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Ten years after their Upper Sixth, Bruno, Momo, Leon and Alain meet together in the waiting room of a maternity hospital. The father of the awaited baby is Tomasi, their best friend at that time, who died one month before due to an overdose. They remember their teenage, their laughs, their dreams, their stupid pranks... Through the pasts of the five main characters, a description of the French youth in the middle of the seventies. Written by
Cinemoi, the satellite French movie channel has been having a number of director Cedric Klapisch films showing on it recently; as well as this, Le Peril Jeune, his later 'Pot Luck' and 'Russian Dolls'.
I'd never come across or heard of Klapisch before this spate and it's immediately obvious that he's very comfortable around and capable making and directing young people. There's a naturalness that comes across supremely easily; he is never patronising to either his audience or his actors and he's keen to show all aspects, from the good and happy to really quite dark and bad.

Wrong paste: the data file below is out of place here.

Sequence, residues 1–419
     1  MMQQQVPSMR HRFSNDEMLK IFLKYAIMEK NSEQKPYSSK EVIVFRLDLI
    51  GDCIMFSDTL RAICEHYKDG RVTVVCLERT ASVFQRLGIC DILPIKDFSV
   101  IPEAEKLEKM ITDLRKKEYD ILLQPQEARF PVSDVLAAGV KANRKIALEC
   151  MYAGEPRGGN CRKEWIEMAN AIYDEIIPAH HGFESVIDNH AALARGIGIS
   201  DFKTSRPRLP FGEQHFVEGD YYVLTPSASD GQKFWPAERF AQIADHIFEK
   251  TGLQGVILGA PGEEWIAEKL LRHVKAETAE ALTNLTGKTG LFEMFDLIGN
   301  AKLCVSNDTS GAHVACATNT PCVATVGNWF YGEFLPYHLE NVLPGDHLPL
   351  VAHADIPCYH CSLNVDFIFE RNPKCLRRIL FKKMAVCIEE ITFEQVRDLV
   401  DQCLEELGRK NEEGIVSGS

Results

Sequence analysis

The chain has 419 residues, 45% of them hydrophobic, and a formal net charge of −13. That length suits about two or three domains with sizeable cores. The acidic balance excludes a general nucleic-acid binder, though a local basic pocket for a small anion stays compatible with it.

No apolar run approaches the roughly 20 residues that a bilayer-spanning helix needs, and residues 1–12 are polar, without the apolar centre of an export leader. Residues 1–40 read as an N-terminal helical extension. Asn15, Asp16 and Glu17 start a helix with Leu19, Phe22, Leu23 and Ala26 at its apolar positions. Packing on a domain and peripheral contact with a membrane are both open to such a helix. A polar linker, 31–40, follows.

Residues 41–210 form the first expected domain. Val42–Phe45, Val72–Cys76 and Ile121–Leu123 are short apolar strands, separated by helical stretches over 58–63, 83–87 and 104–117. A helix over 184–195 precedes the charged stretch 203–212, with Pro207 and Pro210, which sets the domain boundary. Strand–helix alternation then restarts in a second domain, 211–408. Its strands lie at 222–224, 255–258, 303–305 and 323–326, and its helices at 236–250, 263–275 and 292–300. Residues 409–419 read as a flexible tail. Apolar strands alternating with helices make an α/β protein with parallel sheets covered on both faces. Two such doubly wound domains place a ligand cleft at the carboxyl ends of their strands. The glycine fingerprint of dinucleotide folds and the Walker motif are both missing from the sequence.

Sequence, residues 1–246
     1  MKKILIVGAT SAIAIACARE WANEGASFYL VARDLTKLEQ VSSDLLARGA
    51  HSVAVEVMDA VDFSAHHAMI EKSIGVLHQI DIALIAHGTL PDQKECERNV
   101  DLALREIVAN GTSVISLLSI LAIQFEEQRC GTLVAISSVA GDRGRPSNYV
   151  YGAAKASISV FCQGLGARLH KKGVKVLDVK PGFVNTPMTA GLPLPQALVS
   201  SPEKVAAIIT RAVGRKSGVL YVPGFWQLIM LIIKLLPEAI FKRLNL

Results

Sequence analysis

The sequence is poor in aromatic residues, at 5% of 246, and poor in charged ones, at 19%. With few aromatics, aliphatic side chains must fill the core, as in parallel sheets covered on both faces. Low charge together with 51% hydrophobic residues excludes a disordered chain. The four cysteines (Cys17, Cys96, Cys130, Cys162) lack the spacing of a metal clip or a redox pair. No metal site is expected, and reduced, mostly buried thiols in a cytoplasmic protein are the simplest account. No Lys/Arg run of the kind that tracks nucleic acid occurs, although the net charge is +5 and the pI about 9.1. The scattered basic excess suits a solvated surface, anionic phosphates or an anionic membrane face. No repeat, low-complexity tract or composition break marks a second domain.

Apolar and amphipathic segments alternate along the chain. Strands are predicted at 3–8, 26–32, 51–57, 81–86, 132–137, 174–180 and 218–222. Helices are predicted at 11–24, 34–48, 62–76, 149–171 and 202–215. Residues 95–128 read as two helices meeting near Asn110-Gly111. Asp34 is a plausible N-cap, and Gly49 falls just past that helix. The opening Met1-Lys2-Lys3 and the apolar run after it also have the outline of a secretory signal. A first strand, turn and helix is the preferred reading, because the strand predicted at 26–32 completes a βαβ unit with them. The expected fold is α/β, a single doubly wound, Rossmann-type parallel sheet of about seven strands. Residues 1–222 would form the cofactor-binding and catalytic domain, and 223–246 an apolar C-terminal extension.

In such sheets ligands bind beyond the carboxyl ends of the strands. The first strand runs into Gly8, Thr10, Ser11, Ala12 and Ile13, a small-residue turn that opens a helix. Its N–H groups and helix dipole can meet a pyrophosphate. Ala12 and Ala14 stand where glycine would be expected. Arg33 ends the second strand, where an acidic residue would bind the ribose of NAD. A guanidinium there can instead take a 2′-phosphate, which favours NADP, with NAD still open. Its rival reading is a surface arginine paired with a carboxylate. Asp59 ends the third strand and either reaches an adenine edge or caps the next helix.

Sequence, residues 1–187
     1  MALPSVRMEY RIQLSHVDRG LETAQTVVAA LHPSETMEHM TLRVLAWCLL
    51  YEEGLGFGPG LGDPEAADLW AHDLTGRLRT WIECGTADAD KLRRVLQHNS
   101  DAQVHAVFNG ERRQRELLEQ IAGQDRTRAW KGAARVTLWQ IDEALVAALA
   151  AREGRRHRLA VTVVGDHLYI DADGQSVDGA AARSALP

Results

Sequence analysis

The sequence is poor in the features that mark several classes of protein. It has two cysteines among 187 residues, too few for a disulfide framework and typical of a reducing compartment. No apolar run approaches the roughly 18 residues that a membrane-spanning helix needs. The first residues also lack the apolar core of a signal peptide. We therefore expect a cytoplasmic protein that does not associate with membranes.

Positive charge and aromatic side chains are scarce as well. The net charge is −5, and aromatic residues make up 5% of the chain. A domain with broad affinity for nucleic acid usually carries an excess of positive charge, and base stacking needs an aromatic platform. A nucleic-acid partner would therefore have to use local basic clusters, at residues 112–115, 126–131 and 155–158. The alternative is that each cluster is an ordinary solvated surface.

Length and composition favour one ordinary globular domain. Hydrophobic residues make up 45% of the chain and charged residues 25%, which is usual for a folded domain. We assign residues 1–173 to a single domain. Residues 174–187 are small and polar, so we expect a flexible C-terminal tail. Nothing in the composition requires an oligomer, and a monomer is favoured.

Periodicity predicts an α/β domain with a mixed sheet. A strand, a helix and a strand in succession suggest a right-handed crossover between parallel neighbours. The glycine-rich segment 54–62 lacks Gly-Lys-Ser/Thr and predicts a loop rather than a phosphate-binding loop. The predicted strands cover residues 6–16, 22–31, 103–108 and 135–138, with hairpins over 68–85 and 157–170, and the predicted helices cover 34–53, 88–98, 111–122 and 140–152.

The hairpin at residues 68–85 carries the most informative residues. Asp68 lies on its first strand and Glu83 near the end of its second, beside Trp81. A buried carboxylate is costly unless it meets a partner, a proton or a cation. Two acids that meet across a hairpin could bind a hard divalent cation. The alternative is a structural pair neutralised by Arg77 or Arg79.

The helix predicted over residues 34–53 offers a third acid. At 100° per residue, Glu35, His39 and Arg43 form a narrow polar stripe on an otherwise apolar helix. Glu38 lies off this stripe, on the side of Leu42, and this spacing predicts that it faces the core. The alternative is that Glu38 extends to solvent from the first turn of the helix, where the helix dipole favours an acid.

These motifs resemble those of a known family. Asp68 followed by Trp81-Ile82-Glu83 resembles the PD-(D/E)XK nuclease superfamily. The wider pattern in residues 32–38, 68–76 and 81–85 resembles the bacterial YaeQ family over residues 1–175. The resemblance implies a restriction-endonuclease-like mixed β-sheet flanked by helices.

Klapisch regular lead man, Romain Duris here plays Tomasi, whose friends gather as their pregnant friend Sophie's about to go into labour at the Paris maternity unit. Minus Tomasi, though as we're already told that he died just one month prior from an overdose and as they wait, they look back over and reminisce all the years when they met at school.
We're talking about the 1970s and so all the fashions and music are here. Klapisch always seems to include sex scenes and here we get quite trippy drug-taking, too. All five of our characters were active in some rebellious pursuit or another and in the days of political activism, we see them fight for their causes. There's all the excitable antics of youth; showing off, exploring the opposite sex and much else, including living in a communal squat.
Despite this film being almost unknown - look at the number of reviews here and on IMDb - this is a very well made and satisfying film, with a sparkling script. It doesn't take itself too seriously and you can just watch it as it is, without pretence or need of justification. Unlike some French drama, that can be 'charming' there's no room for whimsy here. And, not too exaggerated like many US youth films but believable and thus, satisfying. And because it's another culture to our own, endlessly fascinating, too.
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